Given Gen Z’s documented love for gaming and their desire for higher education to equip them with problem-solving and practical skills, VR provides a confluence of experiential learning and engagement.

From DSC:
Cost and COVID-19 are major issues here, but this is an interesting article nonetheless.

I think Virtual Reality (VR), Mixed Reality (MR), and Augmented Reality (AR) will play a significant role in the future of how we learn. It may take us some time to get there, but I believe that we will.

 

Penn students use digital platform Gather to imitate in-person office hours — from by Isaac Lee; with thanks to Professor Sue Ellen Christian for this resource

Excerpt:

As students yearn for in-person interaction and the familiarity of their school buildings, platforms like Gather are filling the void — virtually.

Gather, also known as Gather.town, simulates buildings and classrooms on campus where students, professors, and teaching assistants can interact with one another through personal avatars during office hours. Its main feature, “Interaction Distance,” launches a video call between users whose avatars are within five steps from each other in the virtual space. As the users’ avatars walk away from each other, their video and audio quality decrease, simulating an in-person interaction.

Also see:

Image shows how people can gather around at the office, in a conference room, at a university, other -- https://gather.town/

From DSC:
Now picture this in VR.

 

 

Improving Digital Inclusion & Accessibility for Those With Learning Disabilities — from by Meredith Kreisa
Learning disabilities must be taken into account during the digital design process to ensure digital inclusion and accessibility for the community. This comprehensive guide outlines common learning disabilities, associated difficulties, accessibility barriers and best practices, and more.

“Learning shouldn’t be something only those without disabilities get to do,” explains Seren Davies, a full stack software engineer and accessibility advocate who is dyslexic. “It should be for everyone. By thinking about digital accessibility, we are making sure that everyone who wants to learn can.”

“Learning disability” is a broad term used to describe several specific diagnoses. Dyslexia, dyscalculia, dysgraphia, nonverbal learning disorder, and oral/written language disorder and specific reading comprehension deficit are among the most prevalent.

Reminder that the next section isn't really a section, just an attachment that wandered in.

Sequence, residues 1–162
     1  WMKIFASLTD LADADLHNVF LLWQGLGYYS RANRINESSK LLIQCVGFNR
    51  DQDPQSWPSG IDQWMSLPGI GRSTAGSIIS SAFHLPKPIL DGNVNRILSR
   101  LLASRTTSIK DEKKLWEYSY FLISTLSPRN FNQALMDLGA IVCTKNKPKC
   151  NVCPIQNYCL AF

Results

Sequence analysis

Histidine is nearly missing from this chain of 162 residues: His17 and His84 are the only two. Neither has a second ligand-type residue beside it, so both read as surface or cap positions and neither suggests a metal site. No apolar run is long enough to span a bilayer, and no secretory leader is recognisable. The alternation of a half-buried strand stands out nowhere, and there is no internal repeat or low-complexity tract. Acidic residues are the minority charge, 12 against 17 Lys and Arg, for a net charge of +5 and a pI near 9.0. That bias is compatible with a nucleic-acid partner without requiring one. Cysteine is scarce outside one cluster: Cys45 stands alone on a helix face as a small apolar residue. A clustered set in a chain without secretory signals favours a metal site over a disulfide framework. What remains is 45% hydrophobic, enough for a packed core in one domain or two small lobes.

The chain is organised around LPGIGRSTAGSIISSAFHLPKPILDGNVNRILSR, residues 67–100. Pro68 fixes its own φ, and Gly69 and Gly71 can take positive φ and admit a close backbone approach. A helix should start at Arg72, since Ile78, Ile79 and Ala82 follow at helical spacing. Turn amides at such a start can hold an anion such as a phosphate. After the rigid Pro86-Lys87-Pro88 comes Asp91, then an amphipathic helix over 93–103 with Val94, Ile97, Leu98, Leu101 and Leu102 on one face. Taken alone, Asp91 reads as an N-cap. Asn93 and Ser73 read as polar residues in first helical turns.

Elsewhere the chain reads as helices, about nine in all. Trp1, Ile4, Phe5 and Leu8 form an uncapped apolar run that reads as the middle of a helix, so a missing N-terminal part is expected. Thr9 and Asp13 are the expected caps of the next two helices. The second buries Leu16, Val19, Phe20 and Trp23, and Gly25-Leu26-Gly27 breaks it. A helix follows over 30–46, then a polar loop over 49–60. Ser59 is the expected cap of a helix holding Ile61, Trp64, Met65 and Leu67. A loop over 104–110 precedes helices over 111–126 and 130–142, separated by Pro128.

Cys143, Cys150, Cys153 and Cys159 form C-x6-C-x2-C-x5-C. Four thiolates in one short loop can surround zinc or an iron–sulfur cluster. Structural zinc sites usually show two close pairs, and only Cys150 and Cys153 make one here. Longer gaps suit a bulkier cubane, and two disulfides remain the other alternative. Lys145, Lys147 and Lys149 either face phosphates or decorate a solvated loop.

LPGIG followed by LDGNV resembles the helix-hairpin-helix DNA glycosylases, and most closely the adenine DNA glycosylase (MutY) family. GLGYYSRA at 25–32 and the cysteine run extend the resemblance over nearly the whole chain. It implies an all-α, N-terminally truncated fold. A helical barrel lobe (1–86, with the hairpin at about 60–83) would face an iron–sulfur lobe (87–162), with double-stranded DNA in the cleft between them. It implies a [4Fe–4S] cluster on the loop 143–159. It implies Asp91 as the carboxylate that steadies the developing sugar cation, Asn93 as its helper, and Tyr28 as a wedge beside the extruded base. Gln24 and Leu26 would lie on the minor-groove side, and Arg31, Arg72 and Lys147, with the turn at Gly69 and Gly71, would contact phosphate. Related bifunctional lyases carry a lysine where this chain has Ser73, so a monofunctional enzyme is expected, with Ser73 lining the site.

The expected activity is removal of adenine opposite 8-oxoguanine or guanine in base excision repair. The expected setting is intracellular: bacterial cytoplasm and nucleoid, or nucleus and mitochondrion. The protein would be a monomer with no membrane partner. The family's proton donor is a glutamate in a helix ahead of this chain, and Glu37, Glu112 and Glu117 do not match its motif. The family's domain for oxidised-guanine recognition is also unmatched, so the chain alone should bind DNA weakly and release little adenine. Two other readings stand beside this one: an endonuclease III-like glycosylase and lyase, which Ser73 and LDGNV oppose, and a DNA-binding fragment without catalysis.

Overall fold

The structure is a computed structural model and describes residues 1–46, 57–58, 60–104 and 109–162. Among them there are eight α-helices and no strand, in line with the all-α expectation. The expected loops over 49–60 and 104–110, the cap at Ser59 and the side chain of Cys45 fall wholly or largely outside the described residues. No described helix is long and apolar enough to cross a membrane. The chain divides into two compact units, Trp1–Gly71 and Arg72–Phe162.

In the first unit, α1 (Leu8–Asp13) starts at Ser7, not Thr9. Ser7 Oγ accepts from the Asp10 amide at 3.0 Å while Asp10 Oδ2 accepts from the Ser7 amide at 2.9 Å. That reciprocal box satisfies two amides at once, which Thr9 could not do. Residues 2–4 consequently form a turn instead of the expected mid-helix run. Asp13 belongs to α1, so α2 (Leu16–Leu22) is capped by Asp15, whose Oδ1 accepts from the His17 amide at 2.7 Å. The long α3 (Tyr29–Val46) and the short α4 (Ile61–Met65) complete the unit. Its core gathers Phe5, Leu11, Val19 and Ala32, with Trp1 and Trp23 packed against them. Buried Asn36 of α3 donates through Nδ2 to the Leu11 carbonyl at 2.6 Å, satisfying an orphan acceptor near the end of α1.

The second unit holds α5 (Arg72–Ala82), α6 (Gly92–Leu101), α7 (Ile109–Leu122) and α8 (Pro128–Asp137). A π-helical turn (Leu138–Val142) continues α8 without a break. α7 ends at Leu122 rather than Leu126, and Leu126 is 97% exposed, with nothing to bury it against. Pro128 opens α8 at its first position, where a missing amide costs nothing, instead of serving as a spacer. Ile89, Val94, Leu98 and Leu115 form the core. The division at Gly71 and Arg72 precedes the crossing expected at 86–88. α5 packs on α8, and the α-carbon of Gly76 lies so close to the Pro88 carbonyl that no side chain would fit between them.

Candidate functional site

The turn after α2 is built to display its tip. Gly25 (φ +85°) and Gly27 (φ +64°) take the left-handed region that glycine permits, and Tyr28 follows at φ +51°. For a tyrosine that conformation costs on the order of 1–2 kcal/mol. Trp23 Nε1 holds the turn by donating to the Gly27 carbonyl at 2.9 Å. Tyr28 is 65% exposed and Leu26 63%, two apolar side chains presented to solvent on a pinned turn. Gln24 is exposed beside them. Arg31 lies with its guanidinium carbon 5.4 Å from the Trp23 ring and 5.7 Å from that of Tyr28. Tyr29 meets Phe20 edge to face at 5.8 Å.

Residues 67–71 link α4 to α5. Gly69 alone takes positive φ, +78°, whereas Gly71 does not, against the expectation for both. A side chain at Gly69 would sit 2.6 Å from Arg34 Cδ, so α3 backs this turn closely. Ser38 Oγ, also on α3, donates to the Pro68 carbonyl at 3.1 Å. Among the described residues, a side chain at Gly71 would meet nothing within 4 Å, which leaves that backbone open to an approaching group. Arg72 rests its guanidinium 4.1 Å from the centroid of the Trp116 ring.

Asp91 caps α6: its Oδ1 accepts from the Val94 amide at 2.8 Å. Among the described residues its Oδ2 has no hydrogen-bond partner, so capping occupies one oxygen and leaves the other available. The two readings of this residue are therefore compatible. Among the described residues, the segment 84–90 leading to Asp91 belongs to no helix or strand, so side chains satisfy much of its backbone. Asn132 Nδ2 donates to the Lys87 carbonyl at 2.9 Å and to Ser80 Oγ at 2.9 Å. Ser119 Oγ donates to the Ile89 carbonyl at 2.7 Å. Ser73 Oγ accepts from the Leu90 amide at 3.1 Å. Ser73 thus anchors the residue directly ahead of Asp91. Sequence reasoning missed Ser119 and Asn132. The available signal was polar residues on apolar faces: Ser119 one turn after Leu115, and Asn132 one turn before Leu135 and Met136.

An image of a barrier being torn down -- revealing a human mind behind it. This signifies the need to tear down any existing barriers that might hinder someone's learning experience.

 

Apple CEO Tim Cook: AR Is “Critically Important” For The Company’s Future — from vrscout.com by Bobby Carlton

Excerpts:

When the subject of AR and it’s potential came up, Cook said “You and I are having a great conversation right now. Arguably, it could even be better if we were able to augment our discussion with charts or other things to appear.”

In Cook’s opinion, AR will change the way we communicate with our friends, colleagues, and family. It’ll reshape communication in fields such as health, education, gaming, and retail. “I’m already seeing AR take off in some of these areas with use of the phone. And I think the promise is even greater in the future,” said Cook.

Also see:

Woman using Augmented Reality to further learn about something.

And it is not enough to try to use existing VR/XR applications and tailor them to educational scenarios. These tools can and should be created with pedagogy, student experience, and learning outcomes as the priority.

 

DC: Yet another reason for Universal Design for Learning’s multiple means of presentation/media:

Encourage faculty to presume students are under-connected. Asynchronous, low-bandwidth approaches help give students more flexibility in accessing course content in the face of connectivity challenges.

— as excerpted from campustechnology.com’s article entitled, “4 Ways Institutions Can Meet Students’ Connectivity and Technology Needs

 

 

Reimagining Higher Education: The Post-Covid Classroom — from er.educause.edu by Rob Curtin
As we prepare to return to campus, many of the technologies that helped us simply survive and sustain classroom continuity will become permanently embedded in our educational methods and play a pivotal role in the refinement of practices consistent with an ongoing shift to more student-centered learning.

Videoconferencing -- a professor teaching a class of virtual students

Credit: as-artmedia / Shutterstock.com © 2021

As learning practices continue to evolve, new remote learning and collaboration technologies, in concert with pedagogy, will be critical to enabling inclusive, personalized, and engaging hybrid learning experiences to bring students together beyond simple videoconferencing and recording of lectures. 

 

Are virtual public meetings here to stay? — from jdsupra.com by Michael Maurer & William Shepherd

From DSC:
I just thought this was an interesting question/idea…

 

Chrome now instantly captions audio and video on the web — from theverge.com by Ian Carlos Campbell
The accessibility feature was previously exclusive to some Pixel and Samsung Galaxy phones

Excerpt:

Google is expanding its real-time caption feature, Live Captions, from Pixel phones to anyone using a Chrome browser, as first spotted by XDA Developers. Live Captions uses machine learning to spontaneously create captions for videos or audio where none existed before, and making the web that much more accessible for anyone who’s deaf or hard of hearing.

Chrome’s Live Captions worked on YouTube videos, Twitch streams, podcast players, and even music streaming services like SoundCloud in early tests run by a few of us here at The Verge. Google also says Live Captions will work with audio and video files stored on your hard drive if they’re opened in Chrome. However, Live Captions in Chrome only work in English, which is also the case on mobile.

 

Chrome now instantly captions audio and video on the web -- this is a screen capture showing the words being said in a digital audio-based file

 
© 2021 | Daniel Christian